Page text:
Can You Have Too Much Salt on the Keto Diet?

Carbohydrates are converted into glucose molecules which are used for energy.

On the ketogenic diet, food intake is high in fat and low in carbohydrates. Going keto helps put your body in the state of ketosis, where the body relies on fat instead of carbohydrates for energy. Salt is neither carbohydrate nor a fat. We are told that too much salt, in general, is bad, but we are also told that you should increase your electrolyte intake on keto. On keto, too much salt or too little salt is really a matter of need.

The Ketogenic Diet

The ketogenic diet, or keto, is high in fat consumption and low in carbohydrate consumption. This is because the purpose of going on keto is to put your body in the state of ketosis. Ketosis means that your body runs on fat instead of carbohydrates.

Your body usually runs on carbohydrates for fuel. Carbohydrates are converted into glucose molecules which are used for energy. When the body uses up carbohydrates, it rarely relies on other sources of fuel, such as fat. When carbohydrates are low, they body starts to look for other sources of fuel to sustain itself. The body starts to run on fat. The liver creates ketone bodies, which the body uses for energy.

The ketogenic diet works differently on different people. However, there is a rule of thumb of carbohydrate consumption, which is around 20 to 50 grams a day. This will depend on your energy needs. People who are bigger and use more energy will have a higher daily carbohydrate allowance.

Going on a keto diet has many health benefits. The keto diet has been around for around 100 years, and has been used to treat epilepsy. The keto diet has also been used to treat autism, depression, hypercholesterolemia, migraines, Parkinson’s disease, polycystic ovary syndrome, and type 2 diabetes. Keto can help you lose weight as well.

While there are many health benefits of going keto, you may experience side effects while transitioning to a ketogenic diet. Most of these side effects make up what people call “keto flu,” which refers to the feeling of being lethargic and weak for the first few days of getting used to the keto diet.

Some of the side effects of the ketogenic diet include the following:

  • bad breath, which may taste fruity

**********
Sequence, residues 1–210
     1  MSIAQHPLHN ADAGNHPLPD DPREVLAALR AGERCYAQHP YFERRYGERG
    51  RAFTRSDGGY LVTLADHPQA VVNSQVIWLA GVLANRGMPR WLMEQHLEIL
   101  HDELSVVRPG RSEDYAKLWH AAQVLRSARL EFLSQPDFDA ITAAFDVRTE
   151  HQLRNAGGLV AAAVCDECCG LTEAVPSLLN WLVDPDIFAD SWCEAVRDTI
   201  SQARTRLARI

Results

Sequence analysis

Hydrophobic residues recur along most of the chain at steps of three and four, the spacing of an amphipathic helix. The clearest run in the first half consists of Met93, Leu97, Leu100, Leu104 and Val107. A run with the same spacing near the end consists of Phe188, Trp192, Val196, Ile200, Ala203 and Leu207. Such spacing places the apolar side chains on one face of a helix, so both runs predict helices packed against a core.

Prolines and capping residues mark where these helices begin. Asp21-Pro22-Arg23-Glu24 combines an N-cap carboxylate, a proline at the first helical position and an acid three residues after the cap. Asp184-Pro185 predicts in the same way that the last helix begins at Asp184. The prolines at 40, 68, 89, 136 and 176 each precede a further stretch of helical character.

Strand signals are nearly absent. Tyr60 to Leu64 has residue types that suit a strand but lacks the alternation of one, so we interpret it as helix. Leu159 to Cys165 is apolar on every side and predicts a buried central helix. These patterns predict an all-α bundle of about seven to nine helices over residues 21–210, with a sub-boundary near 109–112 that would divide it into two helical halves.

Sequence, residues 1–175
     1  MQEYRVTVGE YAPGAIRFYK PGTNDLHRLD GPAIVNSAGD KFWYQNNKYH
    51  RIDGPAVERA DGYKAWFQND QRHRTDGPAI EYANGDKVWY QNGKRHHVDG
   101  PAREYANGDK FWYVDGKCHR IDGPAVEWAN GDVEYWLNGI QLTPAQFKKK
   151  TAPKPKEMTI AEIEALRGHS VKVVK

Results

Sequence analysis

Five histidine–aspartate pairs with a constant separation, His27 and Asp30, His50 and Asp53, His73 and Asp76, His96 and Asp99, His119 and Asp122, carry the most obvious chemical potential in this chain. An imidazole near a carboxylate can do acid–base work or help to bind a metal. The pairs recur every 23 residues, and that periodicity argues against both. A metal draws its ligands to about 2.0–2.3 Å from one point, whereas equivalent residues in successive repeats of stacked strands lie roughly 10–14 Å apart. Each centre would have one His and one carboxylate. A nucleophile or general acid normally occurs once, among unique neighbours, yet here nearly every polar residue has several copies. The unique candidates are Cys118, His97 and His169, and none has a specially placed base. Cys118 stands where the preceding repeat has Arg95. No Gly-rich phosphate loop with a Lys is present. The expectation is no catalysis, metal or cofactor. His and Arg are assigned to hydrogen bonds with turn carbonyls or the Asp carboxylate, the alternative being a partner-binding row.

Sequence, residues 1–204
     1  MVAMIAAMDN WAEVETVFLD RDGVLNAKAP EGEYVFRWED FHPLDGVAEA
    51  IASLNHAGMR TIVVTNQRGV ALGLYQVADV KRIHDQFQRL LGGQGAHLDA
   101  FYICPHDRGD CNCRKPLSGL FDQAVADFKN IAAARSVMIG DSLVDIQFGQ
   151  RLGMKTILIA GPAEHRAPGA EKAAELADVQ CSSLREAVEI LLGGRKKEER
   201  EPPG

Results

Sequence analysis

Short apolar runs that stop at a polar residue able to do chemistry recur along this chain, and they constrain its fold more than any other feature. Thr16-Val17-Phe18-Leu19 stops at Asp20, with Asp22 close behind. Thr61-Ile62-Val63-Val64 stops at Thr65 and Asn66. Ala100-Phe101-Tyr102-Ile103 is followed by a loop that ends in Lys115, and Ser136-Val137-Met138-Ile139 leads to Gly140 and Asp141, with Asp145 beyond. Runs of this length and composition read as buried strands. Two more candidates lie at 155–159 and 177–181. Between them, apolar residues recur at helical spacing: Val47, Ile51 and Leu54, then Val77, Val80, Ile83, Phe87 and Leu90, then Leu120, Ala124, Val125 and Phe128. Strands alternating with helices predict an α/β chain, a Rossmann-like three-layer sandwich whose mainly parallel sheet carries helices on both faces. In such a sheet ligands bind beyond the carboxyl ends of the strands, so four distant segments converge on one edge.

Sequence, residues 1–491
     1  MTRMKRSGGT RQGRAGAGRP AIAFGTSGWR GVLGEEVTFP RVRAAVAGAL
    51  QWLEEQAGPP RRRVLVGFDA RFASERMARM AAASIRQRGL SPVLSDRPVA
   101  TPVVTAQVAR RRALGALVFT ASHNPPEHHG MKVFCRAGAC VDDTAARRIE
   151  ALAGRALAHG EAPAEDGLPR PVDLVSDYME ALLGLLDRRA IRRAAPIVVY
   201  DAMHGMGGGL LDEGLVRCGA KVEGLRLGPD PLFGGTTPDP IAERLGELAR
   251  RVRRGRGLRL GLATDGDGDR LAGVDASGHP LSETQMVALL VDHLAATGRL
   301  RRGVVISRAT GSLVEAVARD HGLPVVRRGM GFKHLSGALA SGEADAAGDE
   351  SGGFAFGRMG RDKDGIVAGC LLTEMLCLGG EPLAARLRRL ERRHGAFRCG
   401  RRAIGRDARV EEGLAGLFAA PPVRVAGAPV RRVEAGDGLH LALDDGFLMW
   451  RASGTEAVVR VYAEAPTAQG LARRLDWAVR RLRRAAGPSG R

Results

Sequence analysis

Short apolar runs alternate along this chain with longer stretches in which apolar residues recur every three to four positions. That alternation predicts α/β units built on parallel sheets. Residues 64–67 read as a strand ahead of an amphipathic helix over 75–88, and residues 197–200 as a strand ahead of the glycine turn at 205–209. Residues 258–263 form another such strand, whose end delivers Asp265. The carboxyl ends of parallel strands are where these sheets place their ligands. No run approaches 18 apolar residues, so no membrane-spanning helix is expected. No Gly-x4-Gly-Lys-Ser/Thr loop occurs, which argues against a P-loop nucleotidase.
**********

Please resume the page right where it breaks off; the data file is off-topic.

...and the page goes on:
• digestive issues, such as constipation and diarrhea
  • dry mouth
  • increased energy
  • increased thirst
  • increased urination
  • insomnia or waking up at night
  • reduced hunger
  • short-term decreases in physical performance
  • short-term fatigue
  • weight loss

salt and keto diet

A Ketogenic Intake

A ketogenic diet usually has a ratio of 3:1 or 4:1 fat to carbohydrates, however, smaller ratios have been able to bring ketosis as well. The ketogenic diet will change your intake a lot if you are used to eating plenty of carbohydrates. Keto can restrict you from making food choices you are used to making because of its low carbohydrate quota.

If you eat carbohydrates, make sure that your intake comes from healthy choices that can provide you with sufficient vitamins and minerals. If you have a hard time giving up carbohydrate-heavy foods, you can always eat them in smaller portions. You may also prepare your food with alternatives to the usual ingredients to lower the carbohydrate content. It’s up to you.

On keto, you can eat meat, poultry, and seafood, such as fish and shellfish. Eggs can be eaten as well. You can eat vegetables that are low in carbohydrates, such as dark green and leafy vegetables. You can eat fruits such as avocado, For dairy, you can consume cheese and yogurt. Nuts, seeds, and berries are all low in carbohydrates and may be eaten.

Salt and Keto Diet: Is There Such Thing as Too Much Salt for Keto?

Most people believe that salt is unhealthy, thus when they try out a diet like keto to be healthy, people might feel the need to restrict their salt intake. However, the body needs a certain amount of salt to function. Without an adequate amount of salt, most people who do keto may feel its negative side effects. The “keto flu” comes in full swing when there is not enough sodium. Salt intake can be inadequate when there is not enough salt consumed, and when the body excretes too much salt through sweat during exercise.

On the ketogenic diet, kidneys tend to excrete more sodium and water than usual. When carbohydrate intake is low, the body’s insulin levels are low, which makes kidneys want to excrete more sodium than it usually does. When sodium is flushed away, other electrolytes tend to be flushed away as well. Electrolyte imbalances may be the underlying cause of a keto flu. You may feel sluggish, weak, and “flu-like.” It may feel hard to concentrate. You may also feel fatigue and get more headaches.

The United States Department of Agriculture (USDA) dietary guidelines state that daily sodium intake of people 14 years old and above should be less than 2,300 milligrams. If you are on the keto diet, you should increase your sodium intake to 3,000 to 5,000 milligrams a day.

Your body will give you signs of it needing more sodium. Thankfully, there are many easy ways to increase your sodium intake. You can simply add more salt to your food. You can also boil bouillon cubes in water and drink this, as bouillon cubes contain a lot of sodium. You can try electrolyte drinks as well. To keep your electrolytes balanced, you can try electrolyte supplements which contain calcium, magnesium, and potassium.

Can I do Keto?

While going keto is generally safe, the ketogenic diet is not for everybody. What can be helpful to some may harm others. To be on the safe side, do not go on the ketogenic diet unsupervised.

Consult a doctor or healthcare provider before trying the ketogenic diet if you are any of the following:

  • you are pregnant
  • you are breastfeeding
  • you take medication for high blood pressure
  • you take medication for diabetes

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